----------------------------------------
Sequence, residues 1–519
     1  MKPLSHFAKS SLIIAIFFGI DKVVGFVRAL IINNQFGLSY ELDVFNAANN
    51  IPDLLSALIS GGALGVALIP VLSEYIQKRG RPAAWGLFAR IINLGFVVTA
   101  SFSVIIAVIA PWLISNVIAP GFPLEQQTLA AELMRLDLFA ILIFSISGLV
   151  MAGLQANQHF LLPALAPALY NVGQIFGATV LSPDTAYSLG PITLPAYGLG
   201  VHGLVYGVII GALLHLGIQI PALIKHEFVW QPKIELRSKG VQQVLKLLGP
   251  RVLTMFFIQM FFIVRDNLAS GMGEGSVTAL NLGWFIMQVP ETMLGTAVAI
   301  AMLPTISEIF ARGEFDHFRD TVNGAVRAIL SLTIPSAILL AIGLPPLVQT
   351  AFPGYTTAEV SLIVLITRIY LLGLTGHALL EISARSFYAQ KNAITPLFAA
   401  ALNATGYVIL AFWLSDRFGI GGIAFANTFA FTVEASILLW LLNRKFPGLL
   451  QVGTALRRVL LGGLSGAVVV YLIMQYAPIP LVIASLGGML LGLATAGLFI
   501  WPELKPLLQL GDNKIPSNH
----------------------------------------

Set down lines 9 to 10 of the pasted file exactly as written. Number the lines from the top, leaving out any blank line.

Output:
   351  AFPGYTTAEV SLIVLITRIY LLGLTGHALL EISARSFYAQ KNAITPLFAA
   401  ALNATGYVIL AFWLSDRFGI GGIAFANTFA FTVEASILLW LLNRKFPGLL